- The New York Times: "Given how finely attuned the ensemble’s sound was to changes in repertory — as fizzy and bright in the opening movement of the Mozart as it had been dark in the Bach — Mr. Zukerman’s one-coat-of-high-gloss-fits-all approach could feel staid. And in the double-stopped opening of the Beethoven, his vibrato was so wide that it distorted the harmonies. But his playing is unfailingly charismatic, and the rustic exuberance of the final movement of the Mozart concerto sizzled."
- The Kansas City Star: "Zukerman joined the ensemble for Wolfgang Amadeus Mozart’s Violin Concerto No. 3, a work of vibrancy and shifting personalities, from pithy to poignant. His cadenzas filled the hall with authority, from the dense double stop treatment to a trill so quiet, yet firm, one could hear his fingertip hitting the violin’s fingerboard."
Leonidas Kavakos performed the Sibelius with the New York Philharmonic.
- The New York Times: "(The concert) began with Leonidas Kavakos’s earthy-toned, improvisatory, even ungainly take on Sibelius’s Violin Concerto."
- New York Classical Review: "The performance reinforced the outstanding qualities familiar from previous concerts this winter: mature, exceptional instrumental playing, and rhetoric without drama—bringing out the greatest beauty and deepest feeling in the music."
Nicola Benedetti performed Symanowski's Second Violin Concerto with the Royal Scottish National Orchestra.
- Edinburgh Guide: "She gave us an extraordinary and most impressive performance of Karol Symanowski's Second Violin Concert with cadenza time aplenty. First performed in 1933 the four movements moulded into one and was derived from folk music of the Goral people of southern Poland. Bach was Nicola's choice of encore."
Christian Tetzlaff performed the Sibelius with the London Symphony Orchestra.
- The Guardian: "The Sibelius...with Christian Tetzlaff as soloist, was on occasion wayward. Adès’s interpretation was again big in scale and emotionally confrontational, an approach that matched Tetzlaff’s way with the work, phrased in huge lyrical paragraphs and often searchingly intense. Yet the rhapsodic quality of his playing also led to moments of imprecise coordination, with Tetzlaff sometimes rushing Adès’s beat, occasionally falling fractionally behind it."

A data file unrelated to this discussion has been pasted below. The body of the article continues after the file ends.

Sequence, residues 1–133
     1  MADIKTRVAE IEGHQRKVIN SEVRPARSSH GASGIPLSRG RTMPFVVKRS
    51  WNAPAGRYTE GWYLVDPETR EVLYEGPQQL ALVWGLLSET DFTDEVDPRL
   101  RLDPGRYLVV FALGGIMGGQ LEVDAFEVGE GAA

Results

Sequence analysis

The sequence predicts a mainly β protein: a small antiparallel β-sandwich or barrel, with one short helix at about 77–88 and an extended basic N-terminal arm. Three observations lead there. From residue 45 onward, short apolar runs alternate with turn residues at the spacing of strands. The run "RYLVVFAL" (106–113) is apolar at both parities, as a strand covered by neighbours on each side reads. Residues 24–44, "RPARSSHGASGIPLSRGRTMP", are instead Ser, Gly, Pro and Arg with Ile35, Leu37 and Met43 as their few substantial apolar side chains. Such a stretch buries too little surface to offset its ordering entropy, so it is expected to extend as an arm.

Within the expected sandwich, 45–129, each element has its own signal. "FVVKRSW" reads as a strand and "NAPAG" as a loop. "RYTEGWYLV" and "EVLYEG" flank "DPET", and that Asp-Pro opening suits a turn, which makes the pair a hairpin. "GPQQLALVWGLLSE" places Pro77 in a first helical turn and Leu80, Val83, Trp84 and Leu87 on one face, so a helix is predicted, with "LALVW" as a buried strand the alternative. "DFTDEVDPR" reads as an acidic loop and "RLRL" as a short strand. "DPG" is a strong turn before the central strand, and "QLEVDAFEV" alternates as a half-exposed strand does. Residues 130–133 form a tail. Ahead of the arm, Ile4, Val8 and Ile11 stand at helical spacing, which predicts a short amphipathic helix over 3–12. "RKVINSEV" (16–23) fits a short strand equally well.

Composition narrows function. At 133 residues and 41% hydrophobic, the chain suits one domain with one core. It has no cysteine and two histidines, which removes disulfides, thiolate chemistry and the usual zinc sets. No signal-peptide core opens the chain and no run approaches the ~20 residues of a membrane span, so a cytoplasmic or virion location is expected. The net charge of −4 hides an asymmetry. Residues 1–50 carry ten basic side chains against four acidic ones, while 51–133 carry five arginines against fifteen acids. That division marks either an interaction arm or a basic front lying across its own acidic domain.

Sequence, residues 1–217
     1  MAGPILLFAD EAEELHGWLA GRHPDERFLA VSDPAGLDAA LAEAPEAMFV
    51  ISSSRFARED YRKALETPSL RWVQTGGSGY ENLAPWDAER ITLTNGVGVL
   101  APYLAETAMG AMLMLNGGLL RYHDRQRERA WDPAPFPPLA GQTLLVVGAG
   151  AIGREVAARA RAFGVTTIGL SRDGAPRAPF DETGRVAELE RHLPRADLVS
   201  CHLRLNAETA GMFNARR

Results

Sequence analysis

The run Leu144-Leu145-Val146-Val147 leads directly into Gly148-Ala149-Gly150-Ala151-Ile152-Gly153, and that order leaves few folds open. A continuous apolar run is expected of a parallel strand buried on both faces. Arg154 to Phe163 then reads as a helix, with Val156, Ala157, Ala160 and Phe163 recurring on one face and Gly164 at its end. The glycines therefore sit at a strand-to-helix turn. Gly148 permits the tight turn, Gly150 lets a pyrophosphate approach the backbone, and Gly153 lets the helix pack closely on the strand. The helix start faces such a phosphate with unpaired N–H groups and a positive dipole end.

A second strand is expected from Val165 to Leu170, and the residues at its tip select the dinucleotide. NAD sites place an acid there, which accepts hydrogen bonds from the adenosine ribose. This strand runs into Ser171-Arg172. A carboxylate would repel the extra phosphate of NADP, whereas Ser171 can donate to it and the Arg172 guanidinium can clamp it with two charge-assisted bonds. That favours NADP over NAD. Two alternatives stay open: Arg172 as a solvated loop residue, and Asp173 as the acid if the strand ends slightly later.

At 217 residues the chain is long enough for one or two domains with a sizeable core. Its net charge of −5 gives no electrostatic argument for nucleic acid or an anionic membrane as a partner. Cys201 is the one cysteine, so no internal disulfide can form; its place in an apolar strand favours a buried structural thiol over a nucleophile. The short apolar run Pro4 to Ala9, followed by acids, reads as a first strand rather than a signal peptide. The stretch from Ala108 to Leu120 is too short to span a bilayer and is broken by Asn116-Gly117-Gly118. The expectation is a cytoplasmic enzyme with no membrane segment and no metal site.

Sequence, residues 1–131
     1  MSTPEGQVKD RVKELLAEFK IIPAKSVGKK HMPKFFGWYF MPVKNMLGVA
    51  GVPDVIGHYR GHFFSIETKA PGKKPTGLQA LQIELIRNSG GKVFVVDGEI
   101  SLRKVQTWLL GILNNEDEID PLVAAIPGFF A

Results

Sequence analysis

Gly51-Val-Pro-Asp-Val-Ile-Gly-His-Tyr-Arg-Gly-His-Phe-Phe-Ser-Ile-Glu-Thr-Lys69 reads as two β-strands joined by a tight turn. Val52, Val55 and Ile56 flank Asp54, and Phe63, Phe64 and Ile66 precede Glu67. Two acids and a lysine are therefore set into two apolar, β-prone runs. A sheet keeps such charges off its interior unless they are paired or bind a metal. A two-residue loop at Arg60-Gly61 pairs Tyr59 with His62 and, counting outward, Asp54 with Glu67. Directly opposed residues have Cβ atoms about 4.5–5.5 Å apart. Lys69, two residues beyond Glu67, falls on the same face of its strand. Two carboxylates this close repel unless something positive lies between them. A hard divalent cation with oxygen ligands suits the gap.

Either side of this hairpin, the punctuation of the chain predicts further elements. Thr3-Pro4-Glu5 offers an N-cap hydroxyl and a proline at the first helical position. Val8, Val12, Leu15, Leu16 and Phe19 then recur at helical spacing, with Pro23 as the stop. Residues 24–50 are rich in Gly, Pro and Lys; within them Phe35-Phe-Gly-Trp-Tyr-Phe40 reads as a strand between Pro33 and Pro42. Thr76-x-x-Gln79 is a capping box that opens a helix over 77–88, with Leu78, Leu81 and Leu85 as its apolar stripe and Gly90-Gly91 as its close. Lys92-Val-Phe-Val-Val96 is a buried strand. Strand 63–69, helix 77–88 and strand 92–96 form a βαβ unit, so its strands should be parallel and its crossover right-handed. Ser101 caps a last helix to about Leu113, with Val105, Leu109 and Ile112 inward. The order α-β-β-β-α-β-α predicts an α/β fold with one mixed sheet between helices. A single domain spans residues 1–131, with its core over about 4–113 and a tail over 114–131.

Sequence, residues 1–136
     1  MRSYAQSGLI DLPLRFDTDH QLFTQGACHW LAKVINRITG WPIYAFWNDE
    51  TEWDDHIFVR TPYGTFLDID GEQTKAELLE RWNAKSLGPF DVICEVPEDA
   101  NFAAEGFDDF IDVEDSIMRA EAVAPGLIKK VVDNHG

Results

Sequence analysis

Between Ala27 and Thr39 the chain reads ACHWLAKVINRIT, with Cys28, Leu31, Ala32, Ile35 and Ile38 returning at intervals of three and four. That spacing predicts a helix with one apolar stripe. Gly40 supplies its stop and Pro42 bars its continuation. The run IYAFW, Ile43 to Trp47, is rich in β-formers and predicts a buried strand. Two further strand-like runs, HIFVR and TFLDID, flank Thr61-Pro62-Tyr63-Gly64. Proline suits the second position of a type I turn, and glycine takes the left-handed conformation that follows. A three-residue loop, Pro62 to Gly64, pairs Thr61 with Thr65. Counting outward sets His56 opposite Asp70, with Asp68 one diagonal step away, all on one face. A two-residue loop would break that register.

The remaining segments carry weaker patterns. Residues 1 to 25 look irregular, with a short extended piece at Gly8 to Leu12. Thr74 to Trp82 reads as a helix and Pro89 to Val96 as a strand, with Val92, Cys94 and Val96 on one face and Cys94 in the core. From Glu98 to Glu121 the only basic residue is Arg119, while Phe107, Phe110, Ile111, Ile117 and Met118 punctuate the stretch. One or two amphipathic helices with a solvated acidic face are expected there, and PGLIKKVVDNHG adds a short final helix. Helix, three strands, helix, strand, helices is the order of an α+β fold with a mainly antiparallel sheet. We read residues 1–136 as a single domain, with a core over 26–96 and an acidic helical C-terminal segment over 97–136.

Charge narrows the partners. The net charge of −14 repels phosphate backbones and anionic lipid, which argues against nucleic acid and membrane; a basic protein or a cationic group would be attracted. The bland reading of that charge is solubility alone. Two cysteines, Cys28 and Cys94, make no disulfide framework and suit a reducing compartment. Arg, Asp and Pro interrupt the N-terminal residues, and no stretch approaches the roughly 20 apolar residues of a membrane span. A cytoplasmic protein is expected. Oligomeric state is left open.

- Independent: "Christian Tetzlaff’s performance as soloist in the Sibelius was a non-stop tour de force, his sweetly compelling line in the opening developing into power-packed pyrotechnics, his sound in the Adagio passionately eloquent. His encore – a Bach Sarabande – was an unbroken thread of exquisite melody."
David Halen performed the Beethoven with the St. Louis Symphony Orchestra.
- St. Louis Post-Dispatch: "Concertmaster David Halen steps out of his usual chair to take the soloist's place next to the podium for this weekend's concerts. Halen, a consummate musician, is noted for his lovely singing tone, and on Friday he did not disappoint in that regard. He had an apparent memory lapse and some related problems early in the first movement, but recovered from them. The concerto received a strong finish, particularly in the sprightly third movement."